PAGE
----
Our house is a two-story log, with a gambrel style roof. The second floor roof walls are actually trusses, which give flat 2nd floor ceilings and vertical walls with no knee wall; and the second floor end walls are conventional 2x6 construction.
The 2nd floor roof wall has a soffit vent at its base, which runs the entire length on each side of the house. Proper Vent is attached in between each truss and starts just above the soffit then runs vertically up the roof to the (gambrel) pitch change and then continues on between the top roof trusses for another 5 to 6 feet. The roof has a ridge vent along its entire length.
We live in Central New Hampshire, so we experience cold and snowy winter seasons.
We moved into the house in the late fall and were not aware of an roof ice dam problem. The first winter proved that the second story bedrooms which are on the ends of the house were really colder. The following spring we had a heating contractor install additional insulated heating ducts to the second floor bedrooms that travel up from the basement into the attic and then to the rooms exiting in the ceilings of the rooms. The additional heat worked, but the increase in heated air collecting in the attic has proved hard to get rid of. We've added insulation to the second floor ceiling from R-19 to R-38, but the attic is still not as cool inside as the outside air temp during the winter months. In winter, the heating ducts and any heated air from the second floor that find its way into the attic, warms it and the snow melts. Usually the roof vent is covered with crusty snow from the heat that escapes, but more often, it is covered with snow and doesn't seem to be venting at all. Elsewhere on the roof, the melting snow (water) collects along the pitch change of the roof (where it is cooler), and a portion refreezes, some drips over the edge and refreezes, basically creating a dam effect along the top edge and then along the most vertical part of the gambrel sections in various layers of freezing and refreezing. Additional problems occur at (3) roof windows on the more vertical section of the roof. Each roof window also collects a portion of the dripping snow melt on the top edge flashing and then the water refreezes onto the roof window. After and during each snow storm the melting continues. I have to put up a ladder onto the roof wall portions, and gently break off the ice.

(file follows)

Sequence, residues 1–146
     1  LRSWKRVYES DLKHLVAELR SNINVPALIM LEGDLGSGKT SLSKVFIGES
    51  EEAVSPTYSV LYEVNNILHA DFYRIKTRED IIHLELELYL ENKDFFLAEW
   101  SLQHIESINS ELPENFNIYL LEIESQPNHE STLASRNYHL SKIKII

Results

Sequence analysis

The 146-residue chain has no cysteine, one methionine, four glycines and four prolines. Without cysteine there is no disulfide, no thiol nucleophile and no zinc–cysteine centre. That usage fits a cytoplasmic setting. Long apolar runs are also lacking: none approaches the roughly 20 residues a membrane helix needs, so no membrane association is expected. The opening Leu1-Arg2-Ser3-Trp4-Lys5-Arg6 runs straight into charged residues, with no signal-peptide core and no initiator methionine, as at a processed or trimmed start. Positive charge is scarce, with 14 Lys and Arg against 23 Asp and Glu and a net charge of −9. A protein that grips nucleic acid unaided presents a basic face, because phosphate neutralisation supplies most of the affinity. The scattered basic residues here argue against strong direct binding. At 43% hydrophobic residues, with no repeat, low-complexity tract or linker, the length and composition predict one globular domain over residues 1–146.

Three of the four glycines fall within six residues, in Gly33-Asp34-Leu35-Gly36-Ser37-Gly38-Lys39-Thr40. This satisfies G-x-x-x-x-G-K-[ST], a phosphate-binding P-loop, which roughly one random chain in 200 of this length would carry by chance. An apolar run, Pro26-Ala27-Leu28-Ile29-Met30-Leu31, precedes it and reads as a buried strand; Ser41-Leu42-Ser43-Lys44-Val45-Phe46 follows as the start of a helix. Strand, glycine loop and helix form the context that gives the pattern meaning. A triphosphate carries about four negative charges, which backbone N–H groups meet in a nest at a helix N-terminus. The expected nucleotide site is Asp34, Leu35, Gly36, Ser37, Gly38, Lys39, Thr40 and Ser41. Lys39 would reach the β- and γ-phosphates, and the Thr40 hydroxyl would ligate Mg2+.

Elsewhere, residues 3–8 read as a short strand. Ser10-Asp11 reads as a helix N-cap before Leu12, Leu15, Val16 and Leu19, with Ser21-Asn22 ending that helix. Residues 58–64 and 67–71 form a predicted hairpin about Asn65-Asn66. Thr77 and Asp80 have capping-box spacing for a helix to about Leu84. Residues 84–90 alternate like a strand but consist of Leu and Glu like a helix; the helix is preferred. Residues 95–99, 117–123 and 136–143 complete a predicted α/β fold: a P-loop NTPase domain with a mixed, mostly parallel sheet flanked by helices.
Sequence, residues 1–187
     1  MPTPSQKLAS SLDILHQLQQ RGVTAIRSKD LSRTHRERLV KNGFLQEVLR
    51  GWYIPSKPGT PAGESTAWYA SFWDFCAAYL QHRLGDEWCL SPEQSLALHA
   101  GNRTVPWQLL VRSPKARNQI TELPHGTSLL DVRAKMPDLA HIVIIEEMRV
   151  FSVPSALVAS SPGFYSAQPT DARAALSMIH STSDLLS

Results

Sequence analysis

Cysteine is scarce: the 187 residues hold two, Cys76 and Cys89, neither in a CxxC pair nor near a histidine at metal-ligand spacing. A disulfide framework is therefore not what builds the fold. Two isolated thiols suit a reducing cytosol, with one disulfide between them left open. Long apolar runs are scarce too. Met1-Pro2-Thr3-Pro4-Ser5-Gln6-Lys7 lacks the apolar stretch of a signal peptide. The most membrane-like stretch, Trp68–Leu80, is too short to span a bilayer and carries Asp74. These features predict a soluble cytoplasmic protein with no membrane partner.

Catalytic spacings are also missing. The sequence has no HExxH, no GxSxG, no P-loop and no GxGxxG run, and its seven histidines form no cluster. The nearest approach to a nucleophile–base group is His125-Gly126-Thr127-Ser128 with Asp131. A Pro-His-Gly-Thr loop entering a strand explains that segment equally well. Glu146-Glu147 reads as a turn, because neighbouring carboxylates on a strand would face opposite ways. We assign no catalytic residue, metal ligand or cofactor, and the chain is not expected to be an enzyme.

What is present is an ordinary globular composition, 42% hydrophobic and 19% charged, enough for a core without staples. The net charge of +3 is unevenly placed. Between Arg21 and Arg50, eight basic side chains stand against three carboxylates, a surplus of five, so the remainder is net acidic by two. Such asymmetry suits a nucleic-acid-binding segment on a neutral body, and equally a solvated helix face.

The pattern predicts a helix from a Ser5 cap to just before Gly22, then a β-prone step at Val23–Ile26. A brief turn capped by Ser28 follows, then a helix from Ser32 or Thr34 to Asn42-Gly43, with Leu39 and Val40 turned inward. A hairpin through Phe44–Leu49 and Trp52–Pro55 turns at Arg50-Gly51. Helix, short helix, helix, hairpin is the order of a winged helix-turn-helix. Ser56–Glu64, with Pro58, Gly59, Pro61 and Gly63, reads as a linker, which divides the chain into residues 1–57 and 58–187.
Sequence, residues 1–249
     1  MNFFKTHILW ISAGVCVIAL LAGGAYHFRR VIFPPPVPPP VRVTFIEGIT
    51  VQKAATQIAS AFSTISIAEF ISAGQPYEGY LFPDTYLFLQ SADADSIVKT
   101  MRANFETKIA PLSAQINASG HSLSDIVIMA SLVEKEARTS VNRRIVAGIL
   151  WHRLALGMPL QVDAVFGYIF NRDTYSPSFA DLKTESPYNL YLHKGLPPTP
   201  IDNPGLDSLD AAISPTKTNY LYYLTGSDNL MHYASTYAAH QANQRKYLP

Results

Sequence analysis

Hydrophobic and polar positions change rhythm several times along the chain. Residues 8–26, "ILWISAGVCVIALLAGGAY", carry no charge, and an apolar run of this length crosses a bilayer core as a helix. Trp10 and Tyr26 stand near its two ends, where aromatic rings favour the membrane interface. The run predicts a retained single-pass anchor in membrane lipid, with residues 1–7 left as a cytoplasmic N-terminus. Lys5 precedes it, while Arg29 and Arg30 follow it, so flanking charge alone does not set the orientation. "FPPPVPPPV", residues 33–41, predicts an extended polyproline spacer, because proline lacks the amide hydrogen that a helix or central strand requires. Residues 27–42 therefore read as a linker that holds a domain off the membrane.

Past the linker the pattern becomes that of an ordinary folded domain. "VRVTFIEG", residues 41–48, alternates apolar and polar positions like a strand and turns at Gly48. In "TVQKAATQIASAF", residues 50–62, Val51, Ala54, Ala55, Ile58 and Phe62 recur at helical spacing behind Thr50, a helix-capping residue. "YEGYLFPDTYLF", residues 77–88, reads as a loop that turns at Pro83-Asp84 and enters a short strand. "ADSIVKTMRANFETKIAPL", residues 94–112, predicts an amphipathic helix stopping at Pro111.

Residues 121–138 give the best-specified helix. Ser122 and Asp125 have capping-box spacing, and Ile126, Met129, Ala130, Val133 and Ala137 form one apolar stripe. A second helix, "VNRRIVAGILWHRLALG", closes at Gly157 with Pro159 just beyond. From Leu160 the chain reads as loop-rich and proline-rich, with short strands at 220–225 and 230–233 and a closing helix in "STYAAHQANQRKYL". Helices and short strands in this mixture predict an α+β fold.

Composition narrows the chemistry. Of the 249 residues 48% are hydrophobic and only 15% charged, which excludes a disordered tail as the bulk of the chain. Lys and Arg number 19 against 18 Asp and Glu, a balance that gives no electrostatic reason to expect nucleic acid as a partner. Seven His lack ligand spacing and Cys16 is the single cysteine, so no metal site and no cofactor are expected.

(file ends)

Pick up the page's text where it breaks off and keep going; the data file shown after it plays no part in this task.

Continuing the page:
My problem is, basically after each storm, the ridge vent gets covered up with snow and stops functioning until enough snow melts to expose the shingled style ridge vent.
Can I add gable end vents to help ventilate the attic/roof and lower the inside temp? I need to stop the melting, ice dams, damage to the roof shingles, and roof windows. Someone please help!